In the media today there is coverage of the Home Office announcement on police pursuits and the anniversary of the Manchester bombing.
There is widespread coverage of the Home Office announcement that a consultation will be launched on proposed changes to the law around police pursuits. This includes making clear in legislation that a suspect is responsible for their own decision to drive dangerously and amending the law for careless and dangerous driving offences to recognise a police officer’s level of training and skill. The changes are aimed at tackling moped crime and giving police more confidence.
The papers and broadcasters all lead on the Home Office giving police more freedom to chase moped thieves. The Telegraph reports that the current laws had led to “confusion” over when police should chase criminals and said the Home Office is aiming to “smash the myth” that police cannot pursue criminals not wearing helmets. The Times says that the announcement was timed to coincide with the Police Federation Conference.
BBC Breakfast reported that 10,000 police pursuits take place every year, with Richard Smeed of Kent Road Policing saying that officers will always carry out their duties within the scope of the law.
Minister for Policing and the Fire Service, Nick Hurd, said:
Police officers must have the confidence to pursue suspects where it is safe to do so and criminals should be in no doubt that they will not get away with a crime by simply driving recklessly.
Our proposed changes will make sure that skilled police drivers who follow their rigorous training are protected, while ensuring the minority of officers who do cross the line are robustly held to account.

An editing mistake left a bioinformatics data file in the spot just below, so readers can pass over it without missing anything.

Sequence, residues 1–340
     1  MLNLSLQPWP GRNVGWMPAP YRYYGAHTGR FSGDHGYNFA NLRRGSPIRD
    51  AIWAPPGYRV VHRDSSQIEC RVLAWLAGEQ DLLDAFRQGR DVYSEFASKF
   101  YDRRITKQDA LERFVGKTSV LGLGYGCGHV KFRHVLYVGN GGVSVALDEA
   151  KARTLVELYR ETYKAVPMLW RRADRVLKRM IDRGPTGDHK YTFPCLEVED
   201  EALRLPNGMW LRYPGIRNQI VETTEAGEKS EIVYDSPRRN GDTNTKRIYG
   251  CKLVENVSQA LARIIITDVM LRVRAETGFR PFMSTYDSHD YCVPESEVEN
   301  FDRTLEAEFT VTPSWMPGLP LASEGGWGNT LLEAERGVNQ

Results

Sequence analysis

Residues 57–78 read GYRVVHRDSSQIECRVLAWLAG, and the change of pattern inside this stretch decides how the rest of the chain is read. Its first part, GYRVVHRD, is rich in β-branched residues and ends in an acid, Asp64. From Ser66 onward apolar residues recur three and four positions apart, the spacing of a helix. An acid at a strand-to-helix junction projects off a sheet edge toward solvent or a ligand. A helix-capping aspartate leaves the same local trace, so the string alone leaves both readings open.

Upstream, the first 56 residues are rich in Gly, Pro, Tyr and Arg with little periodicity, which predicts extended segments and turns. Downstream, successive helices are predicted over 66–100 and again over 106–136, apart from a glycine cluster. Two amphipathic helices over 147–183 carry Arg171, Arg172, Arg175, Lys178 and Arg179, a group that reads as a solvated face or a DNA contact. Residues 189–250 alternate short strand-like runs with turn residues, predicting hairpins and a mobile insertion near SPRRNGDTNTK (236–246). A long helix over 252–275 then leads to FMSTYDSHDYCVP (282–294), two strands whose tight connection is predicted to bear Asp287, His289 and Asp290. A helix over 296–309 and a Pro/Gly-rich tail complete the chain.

Anniversary of the Manchester Arena attack
Today marks the one year anniversary of the Manchester Arena terror attack. There is widespread coverage in print and broadcast media, with in-depth reporting on several different angles.
The Today programme gave an update on the investigation, noting that Greater Manchester Police said 100 officers are still working on the investigation and 23 people have been arrested. There is also coverage of efforts to extradite Hashem Abedi, the brother of bomber Salman Abedi, from Libya. Chief Constable Ian Hopkins was interviewed on Today and said that negotiations were “tricky” and led by the Government. The extradition is covered in the Mail and the Times. The Mail says that, according to a senior source in Libya’s Attorney General’s Office, Hashem Abedi could request not to be extradited if he has kept his Libyan citizenship and would be tried in Libya. The paper carries comments from the Security Minister, who said the Government is determined to do everything to bring Abedi to the UK to face justice, a message echoed in the paper by Manchester Mayor Andy Burnham and Conservative MPs Jack Lopresti and Bob Seely. The Times reports that extradition has moved closer after the Libyan Government disbanded the Special Deterrence Force militia, which has been holding Abedi. It quotes Noman Benotman, president of counter-extremism think tank Quilliam, who said the chances of extradition had improved now he was under the Attorney General’s control.